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Restarting radio activity and dust emission in radio-loud broad absorption line quasars

AutorBruni, G.; Mack, K. H.; Montenegro-Montes, F. M.; Brienza, M.; González-Serrano, José Ignacio
Palabras claveGalaxies: evolution
Radio continuum: galaxies
Galaxies: active
Quasars: absorption lines
Fecha de publicación2015
EditorEDP Sciences
CitaciónAstronomy and Astrophysics 582: A9 (2015)
Resumen[Context]: Broad absorption line quasars (BAL QSOs) are objects that show absorption from relativistic outflows that have velocities up to 0.2c. In about 15% of quasars, these manifest as absorption troughs on the blue side of UV emission lines, such as C iv and Mg ii. The launching mechanism and duration of these outflows is not clear yet. [Aims]: In this work, we complement the information collected in the cm band for our previously presented sample of radio loud BAL QSOs (25 objects with redshifts 1.7 < z < 3.6) with new observations in the m and mm bands. Our aim is to verify the presence of old, extended radio components in the MHz range and probe the emission of dust (linked to star formation) in the mm domain. [Methods]: We observed 5 sources from our sample, which already presented hints of low-frequency emission, with the GMRT at 235 and 610 MHz. Another 17 sources (more than half the sample) were observed with bolometer cameras at IRAM-30 m (MAMBO2, 250 GHz) and APEX (LABOCA and SABOCA, 350 and 850 GHz, respectively). [Results]: All sources observed with the GMRT present extended emission on a scale of tens of kpc. In some cases these measurements allow us to identify a second component in the SED at frequencies below 1.4 GHz, beyond the one already studied in the GHz domain. In the mm band, only one source shows emission clearly ascribable to dust, detached from the synchrotron tail. Upper limits were obtained for the remaining targets. [Conclusions]: These findings confirm that BAL QSOs can also be present in old radio sources or even in restarting ones where favourable conditions for the outflow launching or acceleration are present. A suggestion that these outflows could be precursors of the jet comes from the possibility that ~70% of our sample is in a GigaHertz Peaked Spectrum (GPS) or Compact Steep Spectrum (CSS)+GPS phase. This would confirm the idea proposed by other authors that these outflows could be recollimated to form the jet. Compared with previous works in the literature, dust emission seems to be weaker than what is expected in “normal” QSOs (both radio loud and radio quiet ones), suggesting that a feedback mechanism could inhibit star formation in radio-loud BAL QSOs.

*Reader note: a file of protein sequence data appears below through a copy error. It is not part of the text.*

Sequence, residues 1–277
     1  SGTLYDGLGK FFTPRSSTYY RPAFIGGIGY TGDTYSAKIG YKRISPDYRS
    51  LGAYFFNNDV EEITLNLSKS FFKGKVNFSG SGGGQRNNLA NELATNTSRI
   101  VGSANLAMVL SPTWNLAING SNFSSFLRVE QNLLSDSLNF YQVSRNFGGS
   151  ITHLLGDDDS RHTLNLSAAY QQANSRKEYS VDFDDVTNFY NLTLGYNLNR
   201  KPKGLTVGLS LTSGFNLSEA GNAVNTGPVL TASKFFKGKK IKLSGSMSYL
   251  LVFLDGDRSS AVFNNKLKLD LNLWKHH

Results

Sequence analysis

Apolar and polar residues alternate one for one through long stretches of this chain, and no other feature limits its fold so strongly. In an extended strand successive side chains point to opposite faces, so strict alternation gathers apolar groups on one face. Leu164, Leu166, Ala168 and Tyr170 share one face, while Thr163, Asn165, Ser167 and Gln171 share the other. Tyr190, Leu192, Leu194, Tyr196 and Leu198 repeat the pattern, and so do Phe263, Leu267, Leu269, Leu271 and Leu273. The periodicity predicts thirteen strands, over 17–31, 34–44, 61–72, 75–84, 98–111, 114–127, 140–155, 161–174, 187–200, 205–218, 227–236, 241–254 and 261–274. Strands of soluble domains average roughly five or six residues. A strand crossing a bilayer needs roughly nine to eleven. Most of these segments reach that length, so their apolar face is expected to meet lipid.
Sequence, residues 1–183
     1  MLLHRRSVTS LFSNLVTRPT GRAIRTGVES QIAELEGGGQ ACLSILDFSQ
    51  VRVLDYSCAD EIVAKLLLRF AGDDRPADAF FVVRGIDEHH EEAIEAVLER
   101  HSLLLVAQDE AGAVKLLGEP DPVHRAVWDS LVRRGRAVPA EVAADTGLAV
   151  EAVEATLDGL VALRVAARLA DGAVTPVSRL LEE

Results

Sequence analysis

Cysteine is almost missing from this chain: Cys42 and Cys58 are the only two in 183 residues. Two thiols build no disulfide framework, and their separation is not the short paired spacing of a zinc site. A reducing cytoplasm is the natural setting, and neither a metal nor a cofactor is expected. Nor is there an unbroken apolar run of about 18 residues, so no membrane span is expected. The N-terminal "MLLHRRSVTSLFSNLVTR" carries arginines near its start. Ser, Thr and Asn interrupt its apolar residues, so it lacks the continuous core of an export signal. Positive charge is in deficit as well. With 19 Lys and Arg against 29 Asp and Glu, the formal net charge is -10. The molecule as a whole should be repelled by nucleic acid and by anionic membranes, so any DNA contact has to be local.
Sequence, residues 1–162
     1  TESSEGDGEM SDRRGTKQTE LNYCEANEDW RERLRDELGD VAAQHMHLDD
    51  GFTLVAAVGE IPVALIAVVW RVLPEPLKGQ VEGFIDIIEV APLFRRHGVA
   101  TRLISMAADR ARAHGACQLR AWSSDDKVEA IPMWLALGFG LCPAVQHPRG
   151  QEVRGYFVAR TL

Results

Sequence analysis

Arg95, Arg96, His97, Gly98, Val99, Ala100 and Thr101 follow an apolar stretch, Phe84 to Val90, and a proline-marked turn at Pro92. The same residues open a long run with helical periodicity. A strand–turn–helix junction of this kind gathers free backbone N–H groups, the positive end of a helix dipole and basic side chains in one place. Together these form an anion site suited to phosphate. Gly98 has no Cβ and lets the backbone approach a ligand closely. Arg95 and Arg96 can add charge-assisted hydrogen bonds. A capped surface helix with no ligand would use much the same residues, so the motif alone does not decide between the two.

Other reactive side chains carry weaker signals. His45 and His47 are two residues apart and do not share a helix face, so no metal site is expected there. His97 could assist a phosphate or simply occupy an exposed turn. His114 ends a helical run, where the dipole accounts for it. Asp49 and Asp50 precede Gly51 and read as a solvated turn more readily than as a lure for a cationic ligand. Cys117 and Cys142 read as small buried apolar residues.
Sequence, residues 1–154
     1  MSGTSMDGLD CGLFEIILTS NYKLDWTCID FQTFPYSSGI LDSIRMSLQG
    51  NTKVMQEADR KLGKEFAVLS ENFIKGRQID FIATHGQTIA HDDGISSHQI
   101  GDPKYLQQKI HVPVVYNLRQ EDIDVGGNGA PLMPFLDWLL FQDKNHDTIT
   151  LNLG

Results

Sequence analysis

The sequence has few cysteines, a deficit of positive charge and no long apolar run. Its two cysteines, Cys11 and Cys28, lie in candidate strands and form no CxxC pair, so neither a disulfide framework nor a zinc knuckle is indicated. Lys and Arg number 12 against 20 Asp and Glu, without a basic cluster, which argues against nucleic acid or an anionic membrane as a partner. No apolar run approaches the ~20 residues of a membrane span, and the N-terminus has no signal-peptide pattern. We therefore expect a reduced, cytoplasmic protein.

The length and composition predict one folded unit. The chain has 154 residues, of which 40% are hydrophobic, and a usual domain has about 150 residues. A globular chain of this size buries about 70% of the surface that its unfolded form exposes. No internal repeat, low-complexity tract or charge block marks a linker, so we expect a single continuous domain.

Versión del editorhttp://dx.doi.org/10.1051/0004-6361/201526596
URIhttp://hdl.handle.net/10261/140353
DOI10.1051/0004-6361/201526596
Identificadoresdoi: 10.1051/0004-6361/201526596
e-issn: 1432-0746
issn: 0004-6361
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